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CAGED Closed Scale Patterns

The 5 Basic Patterns

The most commonly used scales by guitarists are called pentatonic
scales
. The word pentatonic gets it’s name from the Greek word “penta”
which means 5 and tonic which stands for tone. That’s what pentatonic
scales are: 5 tone scales. The reason they are so commonly used is because
their patterns are extremely well suited to the guitar’s fretboard and
allow a lot of musical freedom when you are playing them.

There are only 5 basic pentatonic patterns. They are the C, A, G, E,
and D. They are similar to the 5 basic chord patterns, because they can
be closely associated with their chord counterparts. These patterns interlock
with each other, meaning each pattern has notes that overlap with patterns
adjacent to it.

These are the fundamental building blocks of your soloing and
you will use the for many years to come. These patterns are the same thing
as the pentatonic major.

Memorize each pattern. You should
be able to identify them by name and you should know exactly which note
is their root note (marked by an “R” in the pictures on the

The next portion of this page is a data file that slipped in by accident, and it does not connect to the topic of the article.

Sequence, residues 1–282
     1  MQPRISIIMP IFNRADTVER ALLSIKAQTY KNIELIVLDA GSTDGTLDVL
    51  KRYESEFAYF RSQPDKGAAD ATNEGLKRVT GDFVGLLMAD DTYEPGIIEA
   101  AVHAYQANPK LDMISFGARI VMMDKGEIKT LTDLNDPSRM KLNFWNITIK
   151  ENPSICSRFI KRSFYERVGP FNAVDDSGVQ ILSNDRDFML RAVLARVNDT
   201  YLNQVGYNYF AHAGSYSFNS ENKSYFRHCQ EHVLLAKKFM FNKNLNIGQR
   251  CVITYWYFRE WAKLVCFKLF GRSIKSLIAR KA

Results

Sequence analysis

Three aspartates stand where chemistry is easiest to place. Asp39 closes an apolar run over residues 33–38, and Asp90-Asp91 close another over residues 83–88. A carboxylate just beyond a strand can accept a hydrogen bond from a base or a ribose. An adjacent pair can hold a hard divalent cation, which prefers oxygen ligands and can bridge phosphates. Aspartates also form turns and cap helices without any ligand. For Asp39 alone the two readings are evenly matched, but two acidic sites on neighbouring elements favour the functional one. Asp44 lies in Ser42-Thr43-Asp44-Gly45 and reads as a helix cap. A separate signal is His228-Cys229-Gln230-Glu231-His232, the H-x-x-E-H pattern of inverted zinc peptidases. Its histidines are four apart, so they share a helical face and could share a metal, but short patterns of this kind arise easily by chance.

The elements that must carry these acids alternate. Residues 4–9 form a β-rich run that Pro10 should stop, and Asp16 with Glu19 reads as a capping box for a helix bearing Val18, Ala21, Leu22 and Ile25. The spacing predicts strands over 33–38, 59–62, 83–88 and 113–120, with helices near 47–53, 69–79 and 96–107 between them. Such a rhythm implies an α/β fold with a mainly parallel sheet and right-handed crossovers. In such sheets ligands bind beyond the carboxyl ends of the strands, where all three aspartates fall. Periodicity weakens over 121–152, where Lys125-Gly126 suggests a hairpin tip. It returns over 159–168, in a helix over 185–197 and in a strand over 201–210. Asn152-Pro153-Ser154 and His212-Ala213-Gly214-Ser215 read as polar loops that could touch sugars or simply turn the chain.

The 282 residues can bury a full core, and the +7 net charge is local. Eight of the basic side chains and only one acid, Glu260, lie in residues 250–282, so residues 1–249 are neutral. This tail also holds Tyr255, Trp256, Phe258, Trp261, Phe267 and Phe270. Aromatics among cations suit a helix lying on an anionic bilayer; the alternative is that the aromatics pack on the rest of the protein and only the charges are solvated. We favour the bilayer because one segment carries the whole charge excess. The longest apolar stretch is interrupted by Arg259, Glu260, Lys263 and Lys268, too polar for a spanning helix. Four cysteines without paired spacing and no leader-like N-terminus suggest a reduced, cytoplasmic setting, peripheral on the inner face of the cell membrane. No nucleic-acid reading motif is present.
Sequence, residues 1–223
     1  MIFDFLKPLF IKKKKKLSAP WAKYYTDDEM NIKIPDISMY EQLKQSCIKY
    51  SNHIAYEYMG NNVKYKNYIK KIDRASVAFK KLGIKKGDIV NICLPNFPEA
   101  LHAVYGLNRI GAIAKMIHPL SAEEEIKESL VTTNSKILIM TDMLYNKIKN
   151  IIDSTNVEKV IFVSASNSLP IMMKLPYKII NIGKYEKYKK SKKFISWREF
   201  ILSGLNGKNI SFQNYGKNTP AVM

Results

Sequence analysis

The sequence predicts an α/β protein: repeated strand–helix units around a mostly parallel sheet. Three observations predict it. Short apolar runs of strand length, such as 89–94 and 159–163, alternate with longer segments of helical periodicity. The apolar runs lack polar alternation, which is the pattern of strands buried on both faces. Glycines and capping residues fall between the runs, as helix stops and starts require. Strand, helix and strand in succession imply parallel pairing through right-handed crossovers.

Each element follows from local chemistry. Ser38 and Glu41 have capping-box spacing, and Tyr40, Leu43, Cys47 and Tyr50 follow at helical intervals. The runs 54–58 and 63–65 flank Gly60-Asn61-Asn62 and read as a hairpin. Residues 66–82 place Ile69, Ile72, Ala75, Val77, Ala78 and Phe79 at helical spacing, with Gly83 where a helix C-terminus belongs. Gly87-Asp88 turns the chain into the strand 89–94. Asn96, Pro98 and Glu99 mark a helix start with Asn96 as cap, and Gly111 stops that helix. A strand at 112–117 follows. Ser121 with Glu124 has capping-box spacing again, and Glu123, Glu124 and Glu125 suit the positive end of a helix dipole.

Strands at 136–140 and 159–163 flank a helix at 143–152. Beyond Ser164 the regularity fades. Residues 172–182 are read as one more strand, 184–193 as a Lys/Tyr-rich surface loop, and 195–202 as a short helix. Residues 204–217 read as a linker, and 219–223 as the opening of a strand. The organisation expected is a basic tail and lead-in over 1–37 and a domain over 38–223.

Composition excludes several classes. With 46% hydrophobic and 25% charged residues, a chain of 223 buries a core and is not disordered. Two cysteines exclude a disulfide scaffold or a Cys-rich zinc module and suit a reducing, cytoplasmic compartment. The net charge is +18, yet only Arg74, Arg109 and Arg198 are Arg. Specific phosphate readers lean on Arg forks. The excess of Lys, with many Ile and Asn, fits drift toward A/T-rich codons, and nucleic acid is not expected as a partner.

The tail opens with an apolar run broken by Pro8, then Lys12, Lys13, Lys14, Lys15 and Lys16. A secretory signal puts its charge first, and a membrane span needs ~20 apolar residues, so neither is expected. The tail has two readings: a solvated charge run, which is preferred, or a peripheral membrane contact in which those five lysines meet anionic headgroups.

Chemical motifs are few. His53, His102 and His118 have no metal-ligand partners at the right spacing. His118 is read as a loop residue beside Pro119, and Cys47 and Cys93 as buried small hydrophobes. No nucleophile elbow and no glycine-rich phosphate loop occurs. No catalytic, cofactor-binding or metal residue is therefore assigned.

right).

Remember that these are patterns. To play in different key signatures
we move the patterns around.

The pictures on the left are the patterns with their suggested fingerings.
The pictures on the right are the patterns with their CAGED chord counterpart
they are associated with highlighted.

C Scale Pattern

Here is the scale pattern played in the key of C#/Db, because the root
note appears on the 4th fret of the A string.

As with all patterns it can be transposed to any key. The pattern remains
the same. Here is the same pattern in the key of F, because the root
note
appears on the 8th fret of the A string which is an F note.

Notice that it looks the same when played. The only difference is that
the pattern is being played higher up on the fretboard:

A Scale Pattern

Below is the A scale pattern in the key of C#/Db, because the root note
appears on the 4th fret of the A string.

G Scale Pattern

Below is the G scale pattern in the key of C#/Db, because the root note
appears on the 9th fret of the low E string.

E Scale Pattern

Below is the E scale pattern in the key of D, because the root note appears
on the 10th fret of the low E string.

D Scale Pattern

Below is the D scale pattern in the key of B, because the root note appears
on the 9th fret of the D string which is a B note.